Skidmore’s Newest Sustainability Project
Did you know that 40 percent of Skidmore’s campus is currently being heated and cooled by geothermal energy? Did you know that 30 percent of Skidmore’s electricity is being produced by its solar array and small-hydro project?
“We want to increase our renewable energy sources even more through a new solar thermal project, and we need your help to do it,” reads the Skidmore DHall: Solar Thermal Project fundraising page.
Skidmore’s new solar thermal project, the sixth solar thermal project at Skidmore, will consist of 30 panels on the roof of the dining hall. This will provide about 800 gallons of hot water a day while also reducing Skidmore’s energy costs, and greenhouse gas emissions. While the fundraising period was set up to run for 14 days, the project goal was met within a week, and ultimately raised 145% of the project goal.
The New York State Energy Research and Development Authority (NYSERDA) incentives are covering most of the project costs, and the “The remaining cost is being supported by Skidmore’s general budget, the Sustainability Office, [and] previous donations to campus sustainability,” said Levi Rogers, Skidmore’s Campus Sustainability Coordinator.
The idea for this project was first proposed by Paul Lundberg, Assistant Director of Construction Services. “It was developed during a project brainstorming session between our sustainability team [a group that meets weekly to discuss ongoing and future sustainability projects and initiatives] and the Skidmore Fund, who coordinated the effort.” said Rogers.
“We are doing this for many reasons but it ultimately comes down to being the right thing to do. We need to implement creative renewable energy solutions on our campus to help Skidmore reduce its impact on the climate and demonstrate our commitment to sustainability, all of which align with the College’s goals and values,” said Rogers.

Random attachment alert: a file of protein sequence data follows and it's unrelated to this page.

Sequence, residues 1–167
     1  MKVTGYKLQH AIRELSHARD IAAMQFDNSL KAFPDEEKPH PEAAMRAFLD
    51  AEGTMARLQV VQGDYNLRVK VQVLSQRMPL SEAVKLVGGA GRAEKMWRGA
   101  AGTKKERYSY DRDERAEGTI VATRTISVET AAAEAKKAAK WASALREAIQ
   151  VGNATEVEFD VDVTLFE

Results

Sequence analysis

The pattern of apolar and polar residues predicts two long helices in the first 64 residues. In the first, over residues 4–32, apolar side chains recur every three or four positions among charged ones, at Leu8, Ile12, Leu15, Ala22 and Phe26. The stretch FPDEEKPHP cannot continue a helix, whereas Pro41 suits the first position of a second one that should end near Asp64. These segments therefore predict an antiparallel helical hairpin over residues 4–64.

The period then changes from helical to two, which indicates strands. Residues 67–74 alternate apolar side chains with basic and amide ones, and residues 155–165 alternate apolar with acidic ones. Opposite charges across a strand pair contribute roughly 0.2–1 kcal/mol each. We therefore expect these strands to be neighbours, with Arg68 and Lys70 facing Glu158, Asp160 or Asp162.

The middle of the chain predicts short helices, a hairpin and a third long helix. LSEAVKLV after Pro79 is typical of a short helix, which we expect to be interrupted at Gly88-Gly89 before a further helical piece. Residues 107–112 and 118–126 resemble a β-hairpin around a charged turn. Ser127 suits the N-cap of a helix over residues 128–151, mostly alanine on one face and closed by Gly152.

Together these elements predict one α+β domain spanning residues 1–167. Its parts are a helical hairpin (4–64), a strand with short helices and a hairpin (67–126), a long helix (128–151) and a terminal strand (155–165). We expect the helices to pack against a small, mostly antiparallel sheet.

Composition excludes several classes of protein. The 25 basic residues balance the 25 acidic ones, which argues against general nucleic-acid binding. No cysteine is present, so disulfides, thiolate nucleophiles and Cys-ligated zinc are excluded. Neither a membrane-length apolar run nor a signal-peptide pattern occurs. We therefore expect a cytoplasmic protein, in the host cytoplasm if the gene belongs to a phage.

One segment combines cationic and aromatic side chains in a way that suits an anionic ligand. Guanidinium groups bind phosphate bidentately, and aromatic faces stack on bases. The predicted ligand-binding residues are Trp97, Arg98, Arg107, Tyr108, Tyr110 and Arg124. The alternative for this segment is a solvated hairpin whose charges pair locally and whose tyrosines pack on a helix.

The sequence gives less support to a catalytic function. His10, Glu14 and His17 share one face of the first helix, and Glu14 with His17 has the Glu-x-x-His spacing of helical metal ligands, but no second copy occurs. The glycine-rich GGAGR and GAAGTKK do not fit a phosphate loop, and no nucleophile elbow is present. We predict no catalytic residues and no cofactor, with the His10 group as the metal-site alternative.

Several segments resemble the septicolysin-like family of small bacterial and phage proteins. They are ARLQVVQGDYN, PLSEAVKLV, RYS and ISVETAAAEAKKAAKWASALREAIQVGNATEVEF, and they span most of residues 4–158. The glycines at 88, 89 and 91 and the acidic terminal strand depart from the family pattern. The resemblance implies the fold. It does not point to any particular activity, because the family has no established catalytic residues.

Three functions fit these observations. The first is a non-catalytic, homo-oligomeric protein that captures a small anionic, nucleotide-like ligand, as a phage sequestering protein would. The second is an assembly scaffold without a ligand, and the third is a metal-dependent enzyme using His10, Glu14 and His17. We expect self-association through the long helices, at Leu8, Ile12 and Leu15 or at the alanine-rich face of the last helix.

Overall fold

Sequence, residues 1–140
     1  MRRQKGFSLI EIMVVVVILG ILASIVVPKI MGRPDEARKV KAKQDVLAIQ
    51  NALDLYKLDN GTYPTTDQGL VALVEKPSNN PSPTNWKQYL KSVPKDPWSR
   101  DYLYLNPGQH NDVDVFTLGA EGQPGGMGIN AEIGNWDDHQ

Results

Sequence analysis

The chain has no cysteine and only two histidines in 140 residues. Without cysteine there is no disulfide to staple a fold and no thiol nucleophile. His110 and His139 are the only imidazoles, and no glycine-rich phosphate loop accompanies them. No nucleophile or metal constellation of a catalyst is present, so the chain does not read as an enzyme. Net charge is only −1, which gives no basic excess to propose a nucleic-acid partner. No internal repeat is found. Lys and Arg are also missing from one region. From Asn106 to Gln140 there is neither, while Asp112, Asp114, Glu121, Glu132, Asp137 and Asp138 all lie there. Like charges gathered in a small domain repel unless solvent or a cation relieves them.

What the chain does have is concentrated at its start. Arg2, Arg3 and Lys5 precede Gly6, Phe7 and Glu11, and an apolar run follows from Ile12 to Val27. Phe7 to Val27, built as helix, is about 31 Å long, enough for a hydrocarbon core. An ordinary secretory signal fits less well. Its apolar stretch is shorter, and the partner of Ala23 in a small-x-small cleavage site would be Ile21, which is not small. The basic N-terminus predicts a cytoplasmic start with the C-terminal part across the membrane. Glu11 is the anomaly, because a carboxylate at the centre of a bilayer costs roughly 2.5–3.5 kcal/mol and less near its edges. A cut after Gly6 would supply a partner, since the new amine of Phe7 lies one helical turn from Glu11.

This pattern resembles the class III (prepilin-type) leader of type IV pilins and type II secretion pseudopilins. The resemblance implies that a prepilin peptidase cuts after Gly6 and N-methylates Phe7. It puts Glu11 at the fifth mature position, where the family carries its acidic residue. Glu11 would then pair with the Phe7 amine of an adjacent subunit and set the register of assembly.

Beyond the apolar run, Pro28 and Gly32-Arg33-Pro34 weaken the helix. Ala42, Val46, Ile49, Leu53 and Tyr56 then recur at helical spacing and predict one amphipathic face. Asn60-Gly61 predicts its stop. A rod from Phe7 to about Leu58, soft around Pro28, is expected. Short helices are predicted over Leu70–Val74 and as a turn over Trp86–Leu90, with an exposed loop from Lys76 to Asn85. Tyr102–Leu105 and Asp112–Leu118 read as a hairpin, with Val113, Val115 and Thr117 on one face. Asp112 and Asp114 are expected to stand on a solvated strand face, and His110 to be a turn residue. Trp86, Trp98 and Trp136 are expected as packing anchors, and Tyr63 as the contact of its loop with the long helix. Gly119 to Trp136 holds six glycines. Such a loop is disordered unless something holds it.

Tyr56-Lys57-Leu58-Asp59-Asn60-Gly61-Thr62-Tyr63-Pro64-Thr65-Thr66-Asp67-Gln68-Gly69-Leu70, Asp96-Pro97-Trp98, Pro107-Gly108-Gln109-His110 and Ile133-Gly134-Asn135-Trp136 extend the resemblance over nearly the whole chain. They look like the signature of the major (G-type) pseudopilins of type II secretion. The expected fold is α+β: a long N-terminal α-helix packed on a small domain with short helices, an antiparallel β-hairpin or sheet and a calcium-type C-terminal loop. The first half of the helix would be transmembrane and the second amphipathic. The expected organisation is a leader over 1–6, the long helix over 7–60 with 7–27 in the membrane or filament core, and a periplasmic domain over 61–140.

When asked what she thought of this project, Olivia Golden ‘18 said, “I am really excited that campus is continuing to transform into a place that works with the environment in a positive way, rather than a place that just takes from and disrupts the environment.”
Rogers discussed the fact that “Skidmore is becoming a real leader in sustainability.” He also said, “Students are big motivators in this work. Through courses, internships, student staff positions, and volunteer and club opportunities, they partner with faculty, staff, and administration to promote sustainability on and off campus.” Students are also helping to fund these sustainability efforts; 83% of the donations raised for the solar thermal project came from students and alumni. Jack Rosen ‘16, who donated to the project, said “I donated because I wanted to leave behind something that would continue to have an impact for years to come.”
The project is expected to be completed within about a year.